Next - first impressions count. So I'd crack on with making friends with next door and explaining your situation. Hopefully, they'll welcome it.

There's a saying - most people make up their minds in the first 10 seconds or so.

This house was in a terrible state - but we knew it was a renovation job.
It doesn't sound as if yours is - so I'd go with clean, airy, bright and uncluttered.

If outside maintenance needs updating, do it. If it costs to much - then let that reflect in the price. That can be a good bargaining tool.

I don't think I've added anything to that which others have said, but wish you good luck!

I know your personal circumstances are difficult, so selling sounds like a very positive and energising thing to do. flowers

JessM Wed 07-Aug-13 07:14:06

I once spent a sickly weekend watching re runs of House doctor. She is absolutely right - make the house look as empty and neutral as you can. Remove all photos, ornaments etc etc and paint magnolia and white. I then followed her advice and we sold our house to the first viewer. Just done it again and we let it to the first viewers.
However this time we have been through six months of painful throwing stuff away. DH sold some more valuable items on ebay. We donated a lorry load of books and clothes to oxfam. Other stuff went to the dump. Still chucking odds and ends up to the last day (yesterday!!!)
It is really hard throwing stuff away as items often have some emotional meaning. But they are, in the end, just things.
But it is the only way if you want to live in a smaller space. Don't even dream about putting anything in storage.

Butty Wed 07-Aug-13 07:15:52

... and another point. Photos. If you think you can do a better job than the agents, then make them use yours. I did. Good photos will get viewings. It's worked.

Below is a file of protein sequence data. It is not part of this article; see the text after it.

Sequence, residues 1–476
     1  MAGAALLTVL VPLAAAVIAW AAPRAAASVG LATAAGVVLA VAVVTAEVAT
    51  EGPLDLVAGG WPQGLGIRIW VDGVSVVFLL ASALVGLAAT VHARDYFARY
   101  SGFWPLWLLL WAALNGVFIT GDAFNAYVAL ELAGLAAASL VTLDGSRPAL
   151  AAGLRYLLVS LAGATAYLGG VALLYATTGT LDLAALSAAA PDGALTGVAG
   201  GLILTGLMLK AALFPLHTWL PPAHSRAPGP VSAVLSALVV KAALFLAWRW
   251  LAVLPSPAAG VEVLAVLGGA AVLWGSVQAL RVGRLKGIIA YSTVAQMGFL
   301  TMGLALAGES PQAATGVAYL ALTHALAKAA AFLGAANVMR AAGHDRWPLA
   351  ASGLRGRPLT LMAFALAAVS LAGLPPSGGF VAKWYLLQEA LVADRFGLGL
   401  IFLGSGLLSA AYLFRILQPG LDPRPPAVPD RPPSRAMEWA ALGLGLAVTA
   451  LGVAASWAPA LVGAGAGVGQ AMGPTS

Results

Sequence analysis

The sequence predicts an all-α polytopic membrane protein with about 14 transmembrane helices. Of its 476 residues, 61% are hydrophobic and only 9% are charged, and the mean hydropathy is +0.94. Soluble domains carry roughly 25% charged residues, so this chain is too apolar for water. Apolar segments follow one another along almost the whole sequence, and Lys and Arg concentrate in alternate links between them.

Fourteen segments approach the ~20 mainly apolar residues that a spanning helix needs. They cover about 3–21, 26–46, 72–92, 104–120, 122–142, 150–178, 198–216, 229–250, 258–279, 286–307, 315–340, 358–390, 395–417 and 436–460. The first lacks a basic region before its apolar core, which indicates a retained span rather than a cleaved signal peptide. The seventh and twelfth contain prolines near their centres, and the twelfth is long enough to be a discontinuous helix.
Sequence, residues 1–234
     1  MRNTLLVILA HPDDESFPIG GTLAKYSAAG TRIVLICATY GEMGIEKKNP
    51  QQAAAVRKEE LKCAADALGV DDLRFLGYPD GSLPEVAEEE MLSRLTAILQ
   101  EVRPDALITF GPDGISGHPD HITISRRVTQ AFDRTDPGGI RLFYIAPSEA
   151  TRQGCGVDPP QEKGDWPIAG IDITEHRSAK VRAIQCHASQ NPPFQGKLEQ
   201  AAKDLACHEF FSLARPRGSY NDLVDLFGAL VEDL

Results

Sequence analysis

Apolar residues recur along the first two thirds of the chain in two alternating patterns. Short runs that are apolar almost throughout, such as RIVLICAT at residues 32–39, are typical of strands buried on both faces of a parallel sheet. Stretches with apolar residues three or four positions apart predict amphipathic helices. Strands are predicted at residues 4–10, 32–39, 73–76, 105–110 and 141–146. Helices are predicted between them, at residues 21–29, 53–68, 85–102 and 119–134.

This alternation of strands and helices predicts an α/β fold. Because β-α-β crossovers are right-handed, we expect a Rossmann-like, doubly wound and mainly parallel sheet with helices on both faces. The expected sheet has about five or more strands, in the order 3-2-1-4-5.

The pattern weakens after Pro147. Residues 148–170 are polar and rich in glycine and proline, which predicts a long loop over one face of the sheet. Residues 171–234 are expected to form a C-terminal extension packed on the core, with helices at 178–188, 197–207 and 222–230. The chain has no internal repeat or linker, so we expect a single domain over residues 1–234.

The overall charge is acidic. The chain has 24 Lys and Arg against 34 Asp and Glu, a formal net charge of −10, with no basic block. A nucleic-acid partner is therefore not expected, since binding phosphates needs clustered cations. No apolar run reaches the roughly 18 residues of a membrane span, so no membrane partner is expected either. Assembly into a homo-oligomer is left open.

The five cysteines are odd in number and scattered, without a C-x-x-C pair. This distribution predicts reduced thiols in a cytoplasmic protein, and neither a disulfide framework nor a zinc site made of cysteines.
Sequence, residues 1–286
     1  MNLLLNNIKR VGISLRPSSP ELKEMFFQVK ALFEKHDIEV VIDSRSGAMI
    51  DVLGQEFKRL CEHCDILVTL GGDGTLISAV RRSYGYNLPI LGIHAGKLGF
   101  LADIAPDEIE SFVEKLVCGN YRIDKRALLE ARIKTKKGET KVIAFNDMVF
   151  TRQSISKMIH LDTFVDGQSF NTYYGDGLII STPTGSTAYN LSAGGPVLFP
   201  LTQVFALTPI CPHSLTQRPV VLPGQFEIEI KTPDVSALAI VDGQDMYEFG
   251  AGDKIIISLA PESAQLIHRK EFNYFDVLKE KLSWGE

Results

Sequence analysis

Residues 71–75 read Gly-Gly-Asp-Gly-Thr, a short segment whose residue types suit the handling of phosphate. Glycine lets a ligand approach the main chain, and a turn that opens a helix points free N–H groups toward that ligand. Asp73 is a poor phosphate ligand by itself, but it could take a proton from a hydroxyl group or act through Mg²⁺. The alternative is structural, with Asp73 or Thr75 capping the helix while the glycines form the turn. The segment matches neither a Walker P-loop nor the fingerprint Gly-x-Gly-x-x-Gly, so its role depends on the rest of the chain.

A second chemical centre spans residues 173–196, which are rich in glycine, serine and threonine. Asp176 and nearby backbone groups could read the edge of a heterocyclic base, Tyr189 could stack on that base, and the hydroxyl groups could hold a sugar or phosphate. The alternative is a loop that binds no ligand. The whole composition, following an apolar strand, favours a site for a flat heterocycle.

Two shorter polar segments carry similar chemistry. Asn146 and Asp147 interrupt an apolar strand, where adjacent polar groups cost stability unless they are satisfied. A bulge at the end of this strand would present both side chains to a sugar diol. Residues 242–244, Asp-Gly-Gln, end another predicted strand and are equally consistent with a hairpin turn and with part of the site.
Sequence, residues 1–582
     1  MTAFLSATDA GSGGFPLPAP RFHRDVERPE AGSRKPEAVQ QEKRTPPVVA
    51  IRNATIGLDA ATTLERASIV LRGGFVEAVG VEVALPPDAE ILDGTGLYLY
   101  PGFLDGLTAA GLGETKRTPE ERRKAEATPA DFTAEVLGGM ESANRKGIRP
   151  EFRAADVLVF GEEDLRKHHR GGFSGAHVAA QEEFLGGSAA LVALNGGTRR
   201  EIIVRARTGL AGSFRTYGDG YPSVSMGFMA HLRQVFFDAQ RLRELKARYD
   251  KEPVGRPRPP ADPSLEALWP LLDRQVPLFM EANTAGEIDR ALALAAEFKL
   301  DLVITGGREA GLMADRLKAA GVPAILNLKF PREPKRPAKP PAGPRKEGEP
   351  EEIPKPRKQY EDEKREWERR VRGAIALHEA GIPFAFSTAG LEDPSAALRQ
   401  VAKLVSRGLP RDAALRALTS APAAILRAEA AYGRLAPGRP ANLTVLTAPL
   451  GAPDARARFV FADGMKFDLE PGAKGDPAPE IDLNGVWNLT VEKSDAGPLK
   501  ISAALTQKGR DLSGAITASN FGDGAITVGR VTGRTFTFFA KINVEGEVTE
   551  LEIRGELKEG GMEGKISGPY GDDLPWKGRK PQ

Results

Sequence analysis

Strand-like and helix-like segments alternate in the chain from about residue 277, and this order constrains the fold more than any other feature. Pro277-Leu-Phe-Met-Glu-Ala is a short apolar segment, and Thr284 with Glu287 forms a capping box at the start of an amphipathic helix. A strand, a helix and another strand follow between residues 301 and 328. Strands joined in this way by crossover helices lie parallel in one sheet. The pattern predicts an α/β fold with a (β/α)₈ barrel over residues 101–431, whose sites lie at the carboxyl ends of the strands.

Go with multiple agents.

kittylester Wed 07-Aug-13 07:25:19

biker so sorry to hear of your problems! Brilliant advice on here for selling but please make sure you make the right decision for you for afterwards (((hugs)))

FlicketyB Wed 07-Aug-13 07:55:56

For me (and DH) the state of a house and garden do not bother us as we are serial house-improvers, which is why we have the house we now have.

But after multiple experiences of renovating property for ourselves, with our children and selling as executors there is one property fault that will stop us dead in our tracks - and that is a house that has been inhabited by a heavy smoker. DP's bought a bungalow in excellent order, except that the previous occupants were smokers. The smell could be dealt with, replace the curtains and clean the carpets but decorate as they would the yellow of the nicotine would come through. It took 15 years and about four redecorations to deal with it. DS had a similar experience and we had to redecorate an elderly relation's house when we sold it. Three coats of paint on the living room ceiling could not stop the nicotine coming through.